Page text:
Copyright ©2007 NPR. For personal, noncommercial use only. See Terms of Use. For other uses, prior permission required.

ANDREA SEABROOK, host:

Shipwrecks have inspired songs, paintings, and poetry. They often conjure up images of valiant sailors and hoards of gold or other lost treasure. The reality is considerably less romantic. A case in point: the remains of a 19th-century clipper ship that has washed ashore at Ocean Beach in San Francisco.

As NPR's Richard Gonzales reports, there's not much to see, and the ship's cargo was decidedly pedestrian. But people are excited about it anyway.

RICHARD GONZALES: As shipwrecks go, the King Philip, built in Maine in 1856, requires a lot of imagination.

Mr. STEPHEN HALLER (Park Ranger and Historian, Golden Gate National Recreation Area): What's remarkable here is that you could see, it's got - the bow's substantially sticking out of the sand, and you could see the distinctive "V" shape.

GONZALES: Stephen Haller is park ranger and historian for the Golden Gate National Recreation Area. He points at type collection of heavy timbers marking the ghostly outlines of a ship.

Mr. HALLER: You can barely see the stern but enough to get a sense of the size, because an entire ship in the 200 feet in between right under where we're standing.

GONZALES: The three-masted clipper ship was named for a Native American chief who fought a bloody war with New England settlers. The ship had its own hard luck on the high seas. It hauled bird manure around the world and was twice set on fire by mutinous crews. In 1878, it ran aground in a high tide while being towed through the Golden Gate. Fortunately, the crew survived.

The King Philip is one of about 200 shipwrecks around the Golden Gate, but this one has a habit of resurfacing now and then, says Stephen Haller.

Mr. HALLER: In 1983, 1984, we had the El Nino storms, and those storms scoured the beach so badly that the entire outline of the ship was exposed. At that time, we were able to do substantial measuring and exploration, probing and a fair amount of research at the time to establish what it was.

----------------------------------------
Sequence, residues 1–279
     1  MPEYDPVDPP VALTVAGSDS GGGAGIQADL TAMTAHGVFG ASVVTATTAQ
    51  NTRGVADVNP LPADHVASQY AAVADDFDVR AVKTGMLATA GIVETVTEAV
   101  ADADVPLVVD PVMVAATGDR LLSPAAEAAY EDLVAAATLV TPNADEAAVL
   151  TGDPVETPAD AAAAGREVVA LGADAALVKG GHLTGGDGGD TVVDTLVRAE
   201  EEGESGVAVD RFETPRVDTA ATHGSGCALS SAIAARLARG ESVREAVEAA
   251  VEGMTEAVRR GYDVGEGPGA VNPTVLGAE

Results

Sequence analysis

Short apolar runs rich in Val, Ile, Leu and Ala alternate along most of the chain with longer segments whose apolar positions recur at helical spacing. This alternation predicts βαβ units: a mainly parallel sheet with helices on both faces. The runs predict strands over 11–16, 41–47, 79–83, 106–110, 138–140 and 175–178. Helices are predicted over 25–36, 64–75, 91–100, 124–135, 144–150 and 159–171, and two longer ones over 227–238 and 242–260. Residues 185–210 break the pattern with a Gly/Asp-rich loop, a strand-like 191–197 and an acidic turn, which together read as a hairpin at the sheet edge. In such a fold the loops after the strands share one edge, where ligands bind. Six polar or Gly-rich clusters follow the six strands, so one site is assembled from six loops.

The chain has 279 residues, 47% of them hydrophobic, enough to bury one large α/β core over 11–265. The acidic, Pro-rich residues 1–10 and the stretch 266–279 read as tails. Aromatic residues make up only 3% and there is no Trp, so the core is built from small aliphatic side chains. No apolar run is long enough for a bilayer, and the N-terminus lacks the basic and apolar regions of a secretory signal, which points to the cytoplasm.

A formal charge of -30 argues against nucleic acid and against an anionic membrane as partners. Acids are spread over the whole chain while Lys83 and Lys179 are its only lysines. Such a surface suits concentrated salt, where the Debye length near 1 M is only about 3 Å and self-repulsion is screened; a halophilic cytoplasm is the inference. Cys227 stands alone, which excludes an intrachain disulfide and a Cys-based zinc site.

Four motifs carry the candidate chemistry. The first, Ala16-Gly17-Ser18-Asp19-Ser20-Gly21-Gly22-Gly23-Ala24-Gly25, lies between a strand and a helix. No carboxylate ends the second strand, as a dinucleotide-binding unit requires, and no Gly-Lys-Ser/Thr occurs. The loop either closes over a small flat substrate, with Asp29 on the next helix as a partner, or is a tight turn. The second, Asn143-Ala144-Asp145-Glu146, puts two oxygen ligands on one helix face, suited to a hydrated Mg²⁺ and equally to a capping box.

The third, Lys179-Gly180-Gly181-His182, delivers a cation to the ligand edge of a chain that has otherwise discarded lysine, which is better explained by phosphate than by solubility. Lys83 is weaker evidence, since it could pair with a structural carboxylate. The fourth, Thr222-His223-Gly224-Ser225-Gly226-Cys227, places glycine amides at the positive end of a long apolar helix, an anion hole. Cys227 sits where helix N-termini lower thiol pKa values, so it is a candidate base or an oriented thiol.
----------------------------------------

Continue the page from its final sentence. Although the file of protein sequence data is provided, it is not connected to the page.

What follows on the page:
GONZALES: Word of the King Philip's reappearance last week spread quickly, thanks to local news reports drawing a steady stream of visitors like surfer Mark Vann.

Mr. MARK VANN (Surfer): Cool.

GONZALES: So what goes through your mind when you see this?

Mr. VANN: Oh, Ijust saw the history of this beach, of the surf area as we know. Lot of shipwrecks. I could only imagine back then they didn't have all the rescue equipment they have now, you know - no helicopters, no surfboats, so it's pretty amazing.

GONZALES: For San Francisco native Joyce Dowling(ph), the King Philip inspires wonder.

Ms. JOYCE DOWLING(ph) (San Francisco Native): It makes me think, too, how brave man was way back then to build these tiny little things and go out into the ocean and try to sail around the ocean in something that's maybe 200 feet long. Just amazing. What confidence.

GONZALES: Poking at the thick timbers of the King Philip's hull, a group of children fantasize of pirates and promises of buried prizes.

Unidentified Child: Look. Can you dig it out, Amy(ph)?

Unidentified Woman: I see it. I see the gold. Wow.

Unidentified Child: Can you take it out, Amy?

GONZALES: But don't count on it, says historian Stephen Haller.

Mr. HALLER: There's no real treasure here in the sense of cargo. The real treasure here is the chance to see - look back into a hundred years of maritime history, when San Francisco was one of the greatest seaports in the world.

GONZALES: But those days are past, and the conditions for catching a glimpse of the King Philip remain favorable for just a few more days.

Richard Gonzales, NPR News San Francisco.

(Soundbite of music)

MICHELE Norris, host:

Just ahead, Iraqi soldiers working with the U.S. and injured in the field by the hundreds often don't get the medical support they need. That's story is coming up when we continue with ALL THINGS CONSIDERED.

(Soundbite of commercial break)

Copyright © 2007 NPR. All rights reserved. No quotes from the materials contained herein may be used in any media without attribution to NPR. This transcript is provided for personal, noncommercial use only, pursuant to our Terms of Use. Any other use requires NPR's prior permission. Visit our permissions page for further information.

NPR transcripts are created on a rush deadline by a contractor for NPR, and accuracy and availability may vary. This text may not be in its final form and may be updated or revised in the future. Please be aware that the authoritative record of NPR's programming is the audio.

Comments

 

Please keep your community civil. All comments must follow the NPR.org Community rules and terms of use, and will be moderated prior to posting. NPR reserves the right to use the comments we receive, in whole or in part, and to use the commenter's name and location, in any medium. See also the Terms of Use, Privacy Policy and Community FAQ.